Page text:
Ten months after the launch of so-called SMART drum lines off WA’s South West coast, there are calls for a rethink of the multi-million dollar-program amid limited results.
The drum lines have been deployed along an 11.5 kilometre stretch of the Margaret River coast about 200 times since the program to capture, tag, move and release great white sharks began in February.
But more than two-thirds of the way through the 15-month trial, just two white sharks have been caught by the non-lethal drum lines as part of the $3.8 million SMART (Shark Management Alert in Real Time) program.
While more than 100 sharks have been caught in total, the program was specifically targeting white pointers, with a focus on monitoring their behaviour after they were released.
Great whites ‘very rare’ in WA
The Department of Primary Industries and Regional Development insisted the drum line program was working well but admitted the lack of captured white sharks was making it difficult to meet the aim of monitoring their behaviour.
“It is probably not as much data as we would like,” statewide operations manager Peter Godfrey said.
“But it is a fishing operation and trial so we can only evaluate the data we have in front of us.”
He said the very small number of white sharks caught was not a surprise, given estimates that the population of the animals between WA and Victoria is just 1,600.
“White sharks are very rare in Western Australia,” Mr Godfrey said.
“The trial is operating well so far and we are very happy with the contractor’s performance.”
The SMART drum lines send an alert when a shark is caught on a baited hook.
(Supplied: NSW Department of Primary Industries)
‘Inefficient way to catch sharks’
It is not the first time a West Australian drum line program has struggled with its goal of capturing white sharks.
The lethal drum line program introduced by the former Barnett government in 2013 failed to capture a single white shark.
University of Western Australia Centre for Marine Futures marine ecologist Jessica Meeuwig agreed that the lack of white sharks caught under the latest program was not a surprise.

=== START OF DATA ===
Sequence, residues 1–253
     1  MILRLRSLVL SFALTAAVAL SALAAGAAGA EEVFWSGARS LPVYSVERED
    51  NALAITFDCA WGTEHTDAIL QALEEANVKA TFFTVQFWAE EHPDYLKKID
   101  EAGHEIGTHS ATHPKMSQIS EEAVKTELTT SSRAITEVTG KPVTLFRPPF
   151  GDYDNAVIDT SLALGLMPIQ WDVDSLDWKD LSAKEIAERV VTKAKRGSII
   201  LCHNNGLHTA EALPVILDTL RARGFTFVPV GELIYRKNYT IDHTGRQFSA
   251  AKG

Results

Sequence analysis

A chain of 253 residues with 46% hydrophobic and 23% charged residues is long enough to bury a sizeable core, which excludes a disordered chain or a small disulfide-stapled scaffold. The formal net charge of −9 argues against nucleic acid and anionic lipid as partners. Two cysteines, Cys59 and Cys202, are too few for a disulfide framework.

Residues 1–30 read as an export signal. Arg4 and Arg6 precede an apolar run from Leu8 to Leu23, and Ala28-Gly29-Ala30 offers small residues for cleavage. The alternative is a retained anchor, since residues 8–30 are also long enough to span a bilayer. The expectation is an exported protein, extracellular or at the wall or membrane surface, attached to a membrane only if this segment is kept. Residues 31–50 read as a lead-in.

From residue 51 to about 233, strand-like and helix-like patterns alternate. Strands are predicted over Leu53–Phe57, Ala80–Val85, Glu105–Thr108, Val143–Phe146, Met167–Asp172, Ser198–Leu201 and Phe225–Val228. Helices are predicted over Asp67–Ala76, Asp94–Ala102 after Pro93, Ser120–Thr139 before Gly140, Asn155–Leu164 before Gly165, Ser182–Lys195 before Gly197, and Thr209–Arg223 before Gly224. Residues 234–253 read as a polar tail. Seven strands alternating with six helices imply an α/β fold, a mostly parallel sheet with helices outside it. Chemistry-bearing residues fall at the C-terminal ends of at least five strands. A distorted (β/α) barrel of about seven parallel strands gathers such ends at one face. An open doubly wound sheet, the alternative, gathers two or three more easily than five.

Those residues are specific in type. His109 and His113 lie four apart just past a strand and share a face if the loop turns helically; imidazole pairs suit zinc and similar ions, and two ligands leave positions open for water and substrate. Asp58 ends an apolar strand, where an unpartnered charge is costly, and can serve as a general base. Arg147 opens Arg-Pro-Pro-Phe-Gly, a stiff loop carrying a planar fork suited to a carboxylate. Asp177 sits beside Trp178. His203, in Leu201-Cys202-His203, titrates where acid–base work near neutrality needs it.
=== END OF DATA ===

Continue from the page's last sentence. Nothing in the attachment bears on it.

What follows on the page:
“It is a really inefficient way to capture white sharks,” she said.
“If what we are really after is knowledge and information about these animals, a fixed smart drum line trial monitored every day is not how you do it.
“Intercepting a random animal that is in the area also is not going to make people safer.”
Call for program overhaul
Professor Meeuwig said the money spent on the program should have gone towards a targeted shark tagging program, but the drum line trial could be improved by tagging other species.
“We catch lots of tiger sharks … this is a missed opportunity, we should have been tagging those animals as well,” she said.
“An acoustic tag is only $400 so compared to the cost of the program, it’s a mystery to me why those animals were not tagged as well.”
Former fisheries minister Dave Kelly demonstrating the SMART drum line technology in early 2019. (ABC News: Charlotte Hamlyn)
The Government, under new Fisheries Minister Peter Tinley, will ask the chief scientist to review the program early next year before a decision is made on whether to continue it beyond the trial.
But the Opposition wants the trial to run for longer, arguing ex-fisheries minister Dave Kelly botched the program.
“We would like to see some consideration towards extending the trial and mimicking the more successful New South Wales trial,” Liberal MP Libby Mettam said.
“It is fair to say there has been an opportunity lost.”